Omarosa Must Pay for Violating Federal Ethics Law: Judge
Skip to main content

Judge Fines Omarosa for ‘Flagrant’ Violation of Federal Ethics Law, Says She Missed Financial Disclosure Deadline by More Than a Year

 
Omarosa Manigault Newman

Omarosa Manigault Newman

Omarosa Manigault Newman must pay $61,585 for her “flagrant” violation of federal ethics law, a judge ruled on Tuesday. He found the ex-Donald Trump aide blew past her deadline to file a termination report by more than a year.

“The government argues that Manigault Newman should be held liable for $61,585-the inflation-adjusted statutory maximum at the time of the government’s motion-‘because of the egregiousness of her conduct and her significant financial resources.’ I agree,” Senior U.S. District Judge Richard Leon, a George W. Bush appointee, wrote in a 15-page ruling.

Omarosa fired back at the ruling on Twitter, asking if there are “two systems of justice in this country.”

“One that allows those who violate the Hatch Act and Emoluments Clause a slap on wrist and the other that orders an unprecedented fine (highest in history) for an alleged unintentional failing to file a form?” she asked.

A former Apprentice contestant, Omarosa became director of communications in the White House Office of Public Liaison under Trump, and her acrimonious departure from that administration sparked a Department of Justice lawsuit accusing her of violating the Ethics in Government Act (EIGA).

Passed after the Watergate scandal, the law created a set of mandatory public disclosures aimed to curb government corruption. One of those disclosures required Omarosa to submit a financial disclosure report 30 days after she was fired on Dec. 19, 2017. A White House ethics counsel informed Omarosa that the statute made her deadline Jan. 18, 2018, and she received at least two reminders before that date lapsed, according to the ruling.

The judge said another “flurry” of ignored communications informing Omarosa that she missed the deadline followed, but she did not respond until March 2018—and continued to drag her feet for months after that.

“Despite the repeated admonitions from the Government and a confirmation of her termination date, Manigault Newman did not file her Termination Report until September 11, 2019-well over a year after the report was due,” Leon wrote, adding that she received “more than 100 notifications” in the interim.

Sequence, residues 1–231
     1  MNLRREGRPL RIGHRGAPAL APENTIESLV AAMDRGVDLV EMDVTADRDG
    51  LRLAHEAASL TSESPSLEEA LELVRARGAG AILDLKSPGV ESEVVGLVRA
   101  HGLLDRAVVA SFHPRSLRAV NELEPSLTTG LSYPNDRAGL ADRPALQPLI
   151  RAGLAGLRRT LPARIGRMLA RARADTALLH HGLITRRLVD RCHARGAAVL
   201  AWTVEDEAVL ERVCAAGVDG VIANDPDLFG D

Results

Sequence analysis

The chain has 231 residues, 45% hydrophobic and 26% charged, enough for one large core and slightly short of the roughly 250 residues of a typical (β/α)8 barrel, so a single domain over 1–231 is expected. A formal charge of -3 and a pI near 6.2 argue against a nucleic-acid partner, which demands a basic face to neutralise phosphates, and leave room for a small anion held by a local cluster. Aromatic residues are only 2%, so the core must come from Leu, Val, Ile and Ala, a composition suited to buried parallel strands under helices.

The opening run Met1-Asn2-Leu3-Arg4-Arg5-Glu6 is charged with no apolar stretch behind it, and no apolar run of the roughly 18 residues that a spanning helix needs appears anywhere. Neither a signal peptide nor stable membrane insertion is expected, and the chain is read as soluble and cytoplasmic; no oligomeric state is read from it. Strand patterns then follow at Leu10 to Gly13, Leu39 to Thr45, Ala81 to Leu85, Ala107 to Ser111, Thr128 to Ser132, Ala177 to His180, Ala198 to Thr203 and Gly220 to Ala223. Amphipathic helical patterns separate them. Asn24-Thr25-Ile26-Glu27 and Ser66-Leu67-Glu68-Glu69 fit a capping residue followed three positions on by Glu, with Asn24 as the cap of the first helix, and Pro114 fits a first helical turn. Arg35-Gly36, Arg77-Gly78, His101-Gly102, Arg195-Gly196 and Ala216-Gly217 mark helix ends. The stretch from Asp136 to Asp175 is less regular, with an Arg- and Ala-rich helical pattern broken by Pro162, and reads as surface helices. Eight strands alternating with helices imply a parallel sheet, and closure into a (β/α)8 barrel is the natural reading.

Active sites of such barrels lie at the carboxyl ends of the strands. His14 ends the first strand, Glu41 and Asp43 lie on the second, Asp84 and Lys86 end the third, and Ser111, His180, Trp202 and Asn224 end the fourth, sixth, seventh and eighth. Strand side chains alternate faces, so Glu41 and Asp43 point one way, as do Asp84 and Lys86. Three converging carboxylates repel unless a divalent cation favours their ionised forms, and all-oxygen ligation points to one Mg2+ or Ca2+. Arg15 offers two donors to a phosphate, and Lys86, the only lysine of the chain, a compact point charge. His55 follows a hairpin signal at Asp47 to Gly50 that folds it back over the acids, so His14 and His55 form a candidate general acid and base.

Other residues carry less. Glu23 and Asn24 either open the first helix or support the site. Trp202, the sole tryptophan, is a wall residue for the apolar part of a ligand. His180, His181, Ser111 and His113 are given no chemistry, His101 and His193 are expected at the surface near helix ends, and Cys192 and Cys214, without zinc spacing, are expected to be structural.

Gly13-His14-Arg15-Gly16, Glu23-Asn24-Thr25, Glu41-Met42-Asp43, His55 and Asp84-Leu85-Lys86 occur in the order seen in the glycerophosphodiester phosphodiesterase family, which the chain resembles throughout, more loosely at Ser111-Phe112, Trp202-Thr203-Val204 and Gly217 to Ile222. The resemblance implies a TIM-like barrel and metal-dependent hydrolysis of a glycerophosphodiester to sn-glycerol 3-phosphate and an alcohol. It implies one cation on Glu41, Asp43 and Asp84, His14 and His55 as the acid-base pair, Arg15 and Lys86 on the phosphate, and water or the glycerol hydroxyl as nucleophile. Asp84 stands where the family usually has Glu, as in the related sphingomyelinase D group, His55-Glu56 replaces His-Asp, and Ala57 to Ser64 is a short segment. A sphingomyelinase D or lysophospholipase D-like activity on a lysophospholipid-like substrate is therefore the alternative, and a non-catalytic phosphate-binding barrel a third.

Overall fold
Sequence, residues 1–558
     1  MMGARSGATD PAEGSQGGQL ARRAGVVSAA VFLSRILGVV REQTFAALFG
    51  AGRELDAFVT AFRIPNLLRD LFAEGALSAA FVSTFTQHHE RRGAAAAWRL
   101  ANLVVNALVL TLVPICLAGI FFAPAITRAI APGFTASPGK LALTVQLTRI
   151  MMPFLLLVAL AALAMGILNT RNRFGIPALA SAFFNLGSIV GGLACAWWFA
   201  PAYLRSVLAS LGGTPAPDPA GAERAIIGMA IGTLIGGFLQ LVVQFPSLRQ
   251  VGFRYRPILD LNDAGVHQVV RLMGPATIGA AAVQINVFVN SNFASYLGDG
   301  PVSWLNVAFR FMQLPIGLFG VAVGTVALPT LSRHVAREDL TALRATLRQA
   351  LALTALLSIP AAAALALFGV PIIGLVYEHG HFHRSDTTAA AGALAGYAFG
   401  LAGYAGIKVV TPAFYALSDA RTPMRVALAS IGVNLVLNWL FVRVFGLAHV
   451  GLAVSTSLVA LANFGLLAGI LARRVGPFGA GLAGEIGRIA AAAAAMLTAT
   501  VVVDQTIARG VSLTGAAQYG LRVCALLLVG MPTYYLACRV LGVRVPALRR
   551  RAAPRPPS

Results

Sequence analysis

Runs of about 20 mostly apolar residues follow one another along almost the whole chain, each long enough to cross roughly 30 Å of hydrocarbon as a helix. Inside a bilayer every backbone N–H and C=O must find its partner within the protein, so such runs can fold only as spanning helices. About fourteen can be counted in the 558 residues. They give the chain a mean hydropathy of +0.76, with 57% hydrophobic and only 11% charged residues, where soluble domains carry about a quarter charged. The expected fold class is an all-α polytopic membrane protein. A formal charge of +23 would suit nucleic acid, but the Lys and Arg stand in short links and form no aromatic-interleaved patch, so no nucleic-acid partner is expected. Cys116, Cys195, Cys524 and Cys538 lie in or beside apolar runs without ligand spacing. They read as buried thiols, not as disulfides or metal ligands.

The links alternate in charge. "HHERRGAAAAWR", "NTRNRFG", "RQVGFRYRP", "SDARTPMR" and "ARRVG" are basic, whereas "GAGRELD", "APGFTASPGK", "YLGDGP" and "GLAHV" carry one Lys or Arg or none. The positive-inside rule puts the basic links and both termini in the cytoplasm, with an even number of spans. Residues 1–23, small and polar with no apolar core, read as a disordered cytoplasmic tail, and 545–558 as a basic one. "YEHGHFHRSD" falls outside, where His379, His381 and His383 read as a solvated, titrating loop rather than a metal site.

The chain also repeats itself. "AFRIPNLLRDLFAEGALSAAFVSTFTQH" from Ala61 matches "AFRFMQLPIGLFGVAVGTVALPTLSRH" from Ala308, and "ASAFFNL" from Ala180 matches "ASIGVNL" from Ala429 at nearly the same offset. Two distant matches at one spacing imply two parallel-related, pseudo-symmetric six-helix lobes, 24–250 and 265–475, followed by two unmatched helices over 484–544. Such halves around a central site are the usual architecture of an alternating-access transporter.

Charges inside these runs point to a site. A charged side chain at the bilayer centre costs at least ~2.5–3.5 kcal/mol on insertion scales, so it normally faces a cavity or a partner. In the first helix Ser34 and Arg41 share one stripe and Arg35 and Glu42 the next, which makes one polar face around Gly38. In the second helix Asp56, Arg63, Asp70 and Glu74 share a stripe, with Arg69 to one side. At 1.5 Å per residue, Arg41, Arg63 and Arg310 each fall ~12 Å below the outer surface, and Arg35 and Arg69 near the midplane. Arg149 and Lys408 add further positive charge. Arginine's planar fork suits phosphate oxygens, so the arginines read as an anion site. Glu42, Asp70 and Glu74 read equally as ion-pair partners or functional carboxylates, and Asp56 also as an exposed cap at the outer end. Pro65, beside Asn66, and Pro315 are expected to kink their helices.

The Justice Department sued Omarosa in federal court on June 25, 2019, in what the ex-Apprentice contestant characterized as litigation motivated by one word: “Revenge.”

“It’s this former President’s hallmark and this Court should end it,” her attorney John M. Phillips wrote a little more than a year ago. “This lawsuit was filed prematurely, inappropriately, unconstitutionally and in violation of the law.”

But Judge Leon wrote that Omarosa could not claim whistleblower protection.

“First, Manigault Newman has not identified any provision of the [Whistleblower Protection Act] that creates an affirmative defense to civil litigation,” he noted.

Even if it did, Leon added, it would not apply to Omarosa.

“Manigault Newman was not an “employee or applicant for employment” when she made the alleged disclosure or when the Government initiated this lawsuit,” the ruling states. “Accordingly, the Government did not violate the only substantive provision cited by Manigault Newman.”

Judge Leon added that there was “no question” that Manigault Newman knowingly failed to report.

Though Omarosa claimed that the notifications went out to her unmonitored email address, Leon wrote that it was undisputed that she was aware of the emails when she called the White House counsel in March 2018.

“Thus, Manigault Newman indisputably knew about her ongoing failure to file the Termination Report for at least a year and a half before eventually filing it in September 2019,” the ruling states.

Omarosa’s “years-long failure to comply” with federal ethics law despite “many written and verbal reminders,” the judge added, was “flagrant.”

“Moreover, Manigault Newman earned a substantial salary–$179,700–in her former White House role, and her late-filed EIGA report shows that she is a “1/3 beneficiary” of a trust worth more than $1 million,” the ruling states. Given these significant financial resources, I find that imposition of the maximum penalty is necessary to effectuate the deterrent aims of the EIGA.”

Omarosa’s attorney Phillips told Law&Crime that he is “frankly stunned” by the ruling.

“They kept her boxes hostage, which contained the records she needed; while weaponizing litigation against her on multiple fronts,” Phillips wrote in an email. “They played games with the system, which is laid out in our motions and responses. And a record setting fine as a penalty for public service is beyond inappropriate. Merrick Garland is supposed to be returning stability and reason back to government. This is the opposite of that. They wouldn’t even respond to my requests. Justice failed today.”

Phillips said that he advised his client to appeal.

The Justice Department did not immediately respond to Law&Crime’s request for comment.

Read the ruling, below:

(Photo via Drew Angerer and Getty Images)

Have a tip we should know? [email protected]

Filed Under:

Follow Law&Crime:

Law&Crime's managing editor Adam Klasfeld has spent more than a decade on the legal beat. Previously a reporter for Courthouse News, he has appeared as a guest on MSNBC, BBC, NPR, PBS, Sky News, and other networks.